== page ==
After two weeks of intensive study into the history, customs, and culture of South Africa, as well as two full days of travel, I have finally arrived in South Africa. We took a total of 3 flights to get here. The first flight was 14 hours and put us in Dubai. The airport there was very interesting. There was a prayer room right next to the restrooms, and we heard the “call to prayer” play over the loudspeakers. There was a McDonalds in the airport as well. I saw something called “The McArabia” on the menu. It wasn’t a sandwich, but rather a pile of assorted food items. I wasn’t brave enough to try it, so I stuck with the standard that can be found the world over: the Big Mac. While it is advisable to try the local cuisine while traveling abroad, it is sometimes nice to get a taste of something familiar to stave off the homesickness.
The next flight was 8 hours to Johannesburg in South Africa. After this, we took a 1 hour flight to our final destination, the city of Bloemfontein. The birthplace of J.R.R. Tolkein, and the judicial capital of South Africa (there are three capitals total), Bloemfontein is also the home of the University of the Free State, where the Global Leadership Summit is being held. After a friendly welcome yesterday, I crashed for a four hour nap. Traveling for two days straight took a lot out of me. After the nap, my group of friends from UW Bothell all went out to dinner at the local mall.
Today we attended an orientation where the program was explained to us, followed by a meeting with our “cohort” groups. Each group is expected to create a 3-5 minute video presentation by the end of the conference (in two weeks). The cohort meeting was followed by a campus tour. Lastly, we attended an opening ceremony which included African drumming, a few welcome speeches from notable university officials, and a local comedian.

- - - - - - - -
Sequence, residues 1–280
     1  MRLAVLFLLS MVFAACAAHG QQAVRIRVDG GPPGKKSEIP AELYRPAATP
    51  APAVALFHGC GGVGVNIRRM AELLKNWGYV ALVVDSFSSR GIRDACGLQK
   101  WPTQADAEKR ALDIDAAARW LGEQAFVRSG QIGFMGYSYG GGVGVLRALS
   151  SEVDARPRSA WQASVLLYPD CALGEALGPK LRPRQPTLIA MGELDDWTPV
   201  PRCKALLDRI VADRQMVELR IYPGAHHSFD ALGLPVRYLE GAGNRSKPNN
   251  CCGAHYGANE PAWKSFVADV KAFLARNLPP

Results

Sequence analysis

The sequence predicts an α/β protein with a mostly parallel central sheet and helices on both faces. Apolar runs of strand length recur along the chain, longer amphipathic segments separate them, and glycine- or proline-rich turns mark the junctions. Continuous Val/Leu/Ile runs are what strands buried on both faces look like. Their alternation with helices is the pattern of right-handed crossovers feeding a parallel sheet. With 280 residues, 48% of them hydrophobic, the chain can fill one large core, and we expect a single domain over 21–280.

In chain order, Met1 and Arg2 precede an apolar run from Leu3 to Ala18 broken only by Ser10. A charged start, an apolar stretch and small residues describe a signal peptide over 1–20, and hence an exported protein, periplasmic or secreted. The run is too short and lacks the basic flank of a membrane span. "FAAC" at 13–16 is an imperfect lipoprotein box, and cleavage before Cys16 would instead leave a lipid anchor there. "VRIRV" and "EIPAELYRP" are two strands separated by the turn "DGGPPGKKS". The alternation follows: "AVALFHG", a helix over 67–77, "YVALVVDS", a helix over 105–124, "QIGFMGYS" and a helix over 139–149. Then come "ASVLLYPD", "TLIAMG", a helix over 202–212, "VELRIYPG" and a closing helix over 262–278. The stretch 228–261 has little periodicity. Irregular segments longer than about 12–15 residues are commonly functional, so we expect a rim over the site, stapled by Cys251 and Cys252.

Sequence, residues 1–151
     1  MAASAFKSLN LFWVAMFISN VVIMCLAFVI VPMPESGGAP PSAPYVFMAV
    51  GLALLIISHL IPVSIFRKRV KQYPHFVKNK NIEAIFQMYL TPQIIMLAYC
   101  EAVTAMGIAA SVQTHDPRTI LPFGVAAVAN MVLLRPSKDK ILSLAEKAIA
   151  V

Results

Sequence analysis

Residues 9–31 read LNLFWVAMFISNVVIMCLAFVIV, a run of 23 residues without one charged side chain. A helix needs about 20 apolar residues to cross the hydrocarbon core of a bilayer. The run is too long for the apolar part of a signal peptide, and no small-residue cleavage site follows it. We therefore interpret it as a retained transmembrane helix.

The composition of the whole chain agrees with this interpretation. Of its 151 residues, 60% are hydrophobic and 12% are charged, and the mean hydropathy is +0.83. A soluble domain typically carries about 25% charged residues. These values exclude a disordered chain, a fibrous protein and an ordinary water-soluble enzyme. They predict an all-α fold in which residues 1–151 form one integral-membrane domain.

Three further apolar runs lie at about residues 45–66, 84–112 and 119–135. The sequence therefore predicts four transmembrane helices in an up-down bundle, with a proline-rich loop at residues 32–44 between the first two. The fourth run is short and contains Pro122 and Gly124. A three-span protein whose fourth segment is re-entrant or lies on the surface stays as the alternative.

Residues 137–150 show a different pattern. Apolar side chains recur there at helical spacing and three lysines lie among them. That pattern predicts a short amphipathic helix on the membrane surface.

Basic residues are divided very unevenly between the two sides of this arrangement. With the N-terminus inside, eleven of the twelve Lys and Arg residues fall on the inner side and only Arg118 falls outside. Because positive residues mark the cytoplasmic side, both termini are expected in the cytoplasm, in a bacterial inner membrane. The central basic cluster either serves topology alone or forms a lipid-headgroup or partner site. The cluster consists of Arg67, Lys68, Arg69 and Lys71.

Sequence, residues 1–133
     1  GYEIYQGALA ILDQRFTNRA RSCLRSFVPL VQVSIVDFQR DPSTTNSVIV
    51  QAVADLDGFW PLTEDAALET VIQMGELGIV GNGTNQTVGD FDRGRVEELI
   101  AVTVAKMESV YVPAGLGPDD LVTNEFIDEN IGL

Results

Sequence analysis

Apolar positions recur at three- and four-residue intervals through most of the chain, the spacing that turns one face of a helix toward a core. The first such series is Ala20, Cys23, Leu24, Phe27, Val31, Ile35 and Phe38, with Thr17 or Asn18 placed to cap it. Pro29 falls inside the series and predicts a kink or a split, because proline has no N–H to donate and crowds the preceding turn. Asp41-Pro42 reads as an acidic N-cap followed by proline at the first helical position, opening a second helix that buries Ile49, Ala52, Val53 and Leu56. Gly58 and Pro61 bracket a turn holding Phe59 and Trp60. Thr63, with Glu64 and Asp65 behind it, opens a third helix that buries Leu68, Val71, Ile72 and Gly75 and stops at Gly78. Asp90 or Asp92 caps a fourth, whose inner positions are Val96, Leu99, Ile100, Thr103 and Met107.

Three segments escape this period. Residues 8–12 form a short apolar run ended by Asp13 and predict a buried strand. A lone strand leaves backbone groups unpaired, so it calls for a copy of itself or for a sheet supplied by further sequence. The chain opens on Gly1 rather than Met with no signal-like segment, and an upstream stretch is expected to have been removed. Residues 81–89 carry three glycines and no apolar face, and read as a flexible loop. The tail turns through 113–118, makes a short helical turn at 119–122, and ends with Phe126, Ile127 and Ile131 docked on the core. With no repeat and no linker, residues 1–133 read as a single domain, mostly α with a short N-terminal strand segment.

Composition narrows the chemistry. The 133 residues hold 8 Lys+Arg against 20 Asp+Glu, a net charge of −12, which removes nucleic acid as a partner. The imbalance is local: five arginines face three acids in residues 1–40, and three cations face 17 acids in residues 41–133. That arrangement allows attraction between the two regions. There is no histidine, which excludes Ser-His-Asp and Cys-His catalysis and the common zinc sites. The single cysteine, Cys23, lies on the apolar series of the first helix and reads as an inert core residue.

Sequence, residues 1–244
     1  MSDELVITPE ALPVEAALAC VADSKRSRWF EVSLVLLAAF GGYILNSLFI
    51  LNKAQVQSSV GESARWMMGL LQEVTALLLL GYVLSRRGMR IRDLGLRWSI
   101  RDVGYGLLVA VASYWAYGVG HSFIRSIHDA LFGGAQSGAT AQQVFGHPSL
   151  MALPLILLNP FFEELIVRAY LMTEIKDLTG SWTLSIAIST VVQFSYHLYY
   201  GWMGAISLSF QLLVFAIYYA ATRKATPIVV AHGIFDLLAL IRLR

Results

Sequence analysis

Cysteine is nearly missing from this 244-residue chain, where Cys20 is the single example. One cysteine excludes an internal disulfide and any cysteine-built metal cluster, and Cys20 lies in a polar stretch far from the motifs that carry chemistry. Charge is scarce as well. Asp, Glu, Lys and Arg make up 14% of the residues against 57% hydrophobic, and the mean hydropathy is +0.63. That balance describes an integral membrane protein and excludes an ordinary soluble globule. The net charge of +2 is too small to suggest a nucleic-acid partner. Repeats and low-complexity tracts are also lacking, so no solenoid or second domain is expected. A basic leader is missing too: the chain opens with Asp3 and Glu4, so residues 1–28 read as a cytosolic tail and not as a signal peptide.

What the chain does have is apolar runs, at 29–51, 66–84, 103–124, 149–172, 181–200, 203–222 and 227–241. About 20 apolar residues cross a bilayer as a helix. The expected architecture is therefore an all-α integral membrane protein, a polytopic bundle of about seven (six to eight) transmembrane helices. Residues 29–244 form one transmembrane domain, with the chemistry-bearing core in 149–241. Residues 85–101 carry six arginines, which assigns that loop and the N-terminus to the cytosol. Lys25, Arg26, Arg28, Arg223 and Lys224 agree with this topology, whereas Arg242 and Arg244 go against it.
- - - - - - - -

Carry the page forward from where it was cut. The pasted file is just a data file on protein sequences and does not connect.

There are a few things I have been very struck by since coming to South Africa:
First, the culture has been very welcoming and inclusive. We have been told numerous times since coming here that we are not just colleagues or visitors, but more importantly we are friends. The principle of “Ubuntu” was explained to us at the opening ceremony, the idea that no person is an island, but connected (whether they want to be or not) to every other person around them. It’s nicely summarized in the idea that “‘I am what I am because of who we all are“. I find this aspect of South African culture very refreshing, and have immensely appreciated and enjoyed the selfless hospitality I have received since coming here.
Secondly, I have been a little surprised at how Western the culture of South Africa can be at times. I’ve heard American music, heard South Africans talk about American movies and TV shows (especially Game of Thrones!), and seen common American brands at the local stores. I can definitely see the huge influence that Western colonization has had on this area. While the surface of many things here appear Western, there exists a huge melting pot of cultures under the surface. Desmond Tutu called South Africa a “rainbow nation”, and I’m seeing that more and more as I interact with South Africans from different ethnic heritage groups.
So far this has been a fascinating journey, and I’m excited to see where it leads as we discuss difficult issues in the upcoming weeks at the Global Leadership Summit